SUB CATEGORIESGeneral |  HIV |  Medical Schemes | 

Choc-filled April is health awareness month – Seriously?

21 April 2017Hayley Taylor, Hollard
Hayley Taylor, Head of Underwriting at Hollard Life.

Hayley Taylor, Head of Underwriting at Hollard Life.

April is the month when South Africans hold their last sunshine-filled lunchtime braais, where long weekends force us all to wind down just a little and when many of us indulge in chocolates of all kinds – from boxfuls of ubiquitous marshmallow eggs, to all sorts of sweet treats. The month certainly ups the ante on the good life. SO who on earth decided that it should also be health month?

Actually, April might just be the ideal time to think a little more about your health. And the effects that overindulgence can have on that health. As winter approaches and it becomes ever harder to get up early to go to gym or to complete that early morning run, doesn’t it make sense to evaluate your state of health and think about how to make it a little better?

Because the simple truth is that overindulgence today can have severe repercussions tomorrow. How many of us realise that an extra glass of wine here and there or an Easter sugar binge can have dramatic longer term effects? How many of us realise that too many beers makes a difference to insurance premiums; that the prevalence of type 2 diabetes can be directly linked to increased sugar intake and can lead to insurance cover amendments, and that a crisp and biltong fetish could see heart conditions being excluded from life insurance policies?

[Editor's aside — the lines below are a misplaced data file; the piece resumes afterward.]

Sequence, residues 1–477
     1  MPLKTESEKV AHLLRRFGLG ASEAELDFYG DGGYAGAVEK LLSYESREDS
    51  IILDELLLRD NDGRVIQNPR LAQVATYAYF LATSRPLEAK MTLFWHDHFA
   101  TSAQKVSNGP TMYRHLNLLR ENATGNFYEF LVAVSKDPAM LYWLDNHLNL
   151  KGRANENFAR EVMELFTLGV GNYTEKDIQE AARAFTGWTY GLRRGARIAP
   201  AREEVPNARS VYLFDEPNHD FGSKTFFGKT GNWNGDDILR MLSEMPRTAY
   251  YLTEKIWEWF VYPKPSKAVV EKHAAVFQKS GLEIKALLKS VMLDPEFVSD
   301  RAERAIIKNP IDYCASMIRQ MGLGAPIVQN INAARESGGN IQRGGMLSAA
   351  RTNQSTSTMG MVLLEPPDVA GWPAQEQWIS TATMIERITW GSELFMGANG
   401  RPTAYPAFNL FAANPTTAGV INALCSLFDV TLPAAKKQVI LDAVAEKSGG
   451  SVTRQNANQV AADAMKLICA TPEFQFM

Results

“Life is perfectly imperfect and is most certainly for living, but there is no doubt that aspects of your lifestyle can cost you in the long run,” says Hayley Taylor, Head of Underwriting at Hollard Life. Pointing to the 155% increase in prevalence of Type 2 diabetes in the last 6 years in South Africa (according to the International Diabetes Federation), Taylor emphasises the fact that a healthier lifestyle can trim the cost of life and disability insurance cover, without requiring you to develop the physique and constitution of a modern-day Superman.

“What people don’t realise is that it’s not necessarily a life-changing event that leads to a health crisis,” explains Taylor. “Sometimes, gradual lifestyle changes and poor habits can lead to life-changing health conditions with long-term implications. While you should absolutely live your life to the fullest, it is important to keep your eyes open at the same time, maintaining a good level of health and wellness while it is still within your control.”

How do insurers deal with existing health conditions?

Of course, there are situations when you have less control over health conditions – conditions such as diabetes, hypertension, cancer, HIV, heart disease or even depression may all reach a stage where they can no longer be managed through lifestyle adjustments. While this may mean that your insurance is a little more complex or expensive than the average Joe, it fortunately shouldn’t stop you from getting cover at all. Through the use of two important insurance tools called ‘loadings’ and ‘exclusions’, an insurer can address even the most challenging health or lifestyle issues. But not without affecting your pocket.